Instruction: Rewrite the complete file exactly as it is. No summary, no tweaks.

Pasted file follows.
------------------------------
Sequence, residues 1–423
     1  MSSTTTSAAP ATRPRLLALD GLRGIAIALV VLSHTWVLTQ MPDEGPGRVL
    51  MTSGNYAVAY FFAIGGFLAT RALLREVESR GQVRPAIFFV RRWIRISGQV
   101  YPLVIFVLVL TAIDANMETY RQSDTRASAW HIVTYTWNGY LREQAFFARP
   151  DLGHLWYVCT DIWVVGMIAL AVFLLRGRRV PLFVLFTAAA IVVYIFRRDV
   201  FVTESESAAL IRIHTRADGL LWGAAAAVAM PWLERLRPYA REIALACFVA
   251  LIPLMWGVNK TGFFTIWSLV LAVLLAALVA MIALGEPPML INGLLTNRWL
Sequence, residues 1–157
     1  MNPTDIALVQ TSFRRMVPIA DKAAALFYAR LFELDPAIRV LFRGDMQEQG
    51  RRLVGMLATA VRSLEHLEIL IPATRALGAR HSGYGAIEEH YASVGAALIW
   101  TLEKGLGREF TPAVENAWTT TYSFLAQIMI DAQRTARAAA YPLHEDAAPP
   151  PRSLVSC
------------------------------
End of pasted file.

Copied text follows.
Sequence, residues 1–423
     1  MSSTTTSAAP ATRPRLLALD GLRGIAIALV VLSHTWVLTQ MPDEGPGRVL
    51  MTSGNYAVAY FFAIGGFLAT RALLREVESR GQVRPAIFFV RRWIRISGQV
   101  YPLVIFVLVL TAIDANMETY RQSDTRASAW HIVTYTWNGY LREQAFFARP
   151  DLGHLWYVCT DIWVVGMIAL AVFLLRGRRV PLFVLFTAAA IVVYIFRRDV
   201  FVTESESAAL IRIHTRADGL LWGAAAAVAM PWLERLRPYA REIALACFVA
   251  LIPLMWGVNK TGFFTIWSLV LAVLLAALVA MIALGEPPML INGLLTNRWL
Sequence, residues 1–157
     1  MNPTDIALVQ TSFRRMVPIA DKAAALFYAR LFELDPAIRV LFRGDMQEQG
    51  RRLVGMLATA VRSLEHLEIL IPATRALGAR HSGYGAIEEH YASVGAALIW
   101  TLEKGLGREF TPAVENAWTT TYSFLAQIMI DAQRTARAAA YPLHEDAAPP
   151  PRSLVSC